‘J-C’ is divine. It is simply a luscious, lavish, beautiful piece of music. In an alternative reality this is a love song in a 90s animated Disney film directed by Tim Burton and financed by a ghost. ‘Thaliäe’ features the gorgeous dulcet tones of a viola da gamba, played by Roland Kern, and some extraordinary bass, both of which are accompanied by some complex synth and percussive elements. It’s another masterwork of songwriting and musical composition. One can never forget to pay Laure incredible respect for the extremely high level of musicianship and technical knowledge that allow the tracks on Nereïd to sound as complex and as gorgeous as they do.
‘Ele’ is cinematic in its sweep and would not feel out of place on a Clint Mansell film soundtrack. I’m not aware whether Laure has this string to her bow, but if filmmakers do manage to stumble across this album and Lïan, I imagine her services would very quickly be in short supply. We are then treated to ‘Söre’, the most moving and beautiful track on the entire album. It feels like something delivered from the heavens – be that divinity or extra-terrestrial could be a matter of debate. The drumming on the album is very much noteworthy, but on ‘Söre’ Sylvain Bouvier’s style and technique are beyond reproach. Just stunning. I could listen to this track on endless repeat for the remainder of this year and not tire of it, such is the delight it gives and its unassuming depth.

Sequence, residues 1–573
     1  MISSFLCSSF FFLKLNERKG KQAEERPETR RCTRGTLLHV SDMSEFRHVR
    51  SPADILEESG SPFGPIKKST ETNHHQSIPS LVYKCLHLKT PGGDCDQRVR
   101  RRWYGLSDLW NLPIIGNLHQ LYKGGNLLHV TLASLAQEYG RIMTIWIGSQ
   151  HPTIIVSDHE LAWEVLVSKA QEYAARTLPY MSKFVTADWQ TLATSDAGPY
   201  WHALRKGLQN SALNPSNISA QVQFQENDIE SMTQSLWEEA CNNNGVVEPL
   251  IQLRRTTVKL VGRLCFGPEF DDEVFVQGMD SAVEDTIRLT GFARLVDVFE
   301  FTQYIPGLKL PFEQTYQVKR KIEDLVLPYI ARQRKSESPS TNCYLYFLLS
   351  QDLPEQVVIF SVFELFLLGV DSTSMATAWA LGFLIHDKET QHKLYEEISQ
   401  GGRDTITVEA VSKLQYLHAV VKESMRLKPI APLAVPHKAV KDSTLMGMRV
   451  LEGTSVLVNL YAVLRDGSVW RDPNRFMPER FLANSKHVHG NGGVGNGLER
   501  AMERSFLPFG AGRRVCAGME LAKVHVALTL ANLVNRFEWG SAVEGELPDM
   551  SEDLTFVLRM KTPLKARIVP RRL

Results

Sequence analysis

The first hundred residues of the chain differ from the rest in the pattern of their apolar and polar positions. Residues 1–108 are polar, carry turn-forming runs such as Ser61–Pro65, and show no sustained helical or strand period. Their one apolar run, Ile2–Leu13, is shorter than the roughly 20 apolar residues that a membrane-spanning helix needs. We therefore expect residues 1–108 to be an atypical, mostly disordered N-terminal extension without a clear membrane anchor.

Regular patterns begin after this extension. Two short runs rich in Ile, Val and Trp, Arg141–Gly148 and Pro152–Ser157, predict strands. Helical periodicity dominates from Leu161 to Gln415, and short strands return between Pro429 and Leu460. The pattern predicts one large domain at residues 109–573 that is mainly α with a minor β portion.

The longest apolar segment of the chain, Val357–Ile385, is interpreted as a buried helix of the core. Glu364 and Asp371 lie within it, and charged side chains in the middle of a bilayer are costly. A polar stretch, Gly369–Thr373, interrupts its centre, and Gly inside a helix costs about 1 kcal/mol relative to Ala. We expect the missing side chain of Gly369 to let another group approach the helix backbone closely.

Nereïd closes with ‘Erani’, a delicate track, imploring us to ‘breathe’ and telling the funeral’s audience that there is love still in this world. The world may be dark and twisted, and it is by no means perfect whatsoever, but one can still touch another person’s life, yes, sometimes for the worse, but also – one must cling onto forever – for the better. There is shelter from the storm. And that shelter is simply us. Shelter within and with others.
Laure Le Prunenec’s new piece of work, four years in the making, is a joy to listen to. Its vocal and instrumental textures are a piece of art that one can admire from afar and in basic tones. But peer closer, and Rïcïnn has textures built over and on top of one another. A canvas of paintings finished then whitewashed and obscured only for the same scene to be repeated in subtly different ways. With the right ear, Laure invites the listener into her own world, and taking your hand, can show you all the magic, the detail and the horror that lies inside.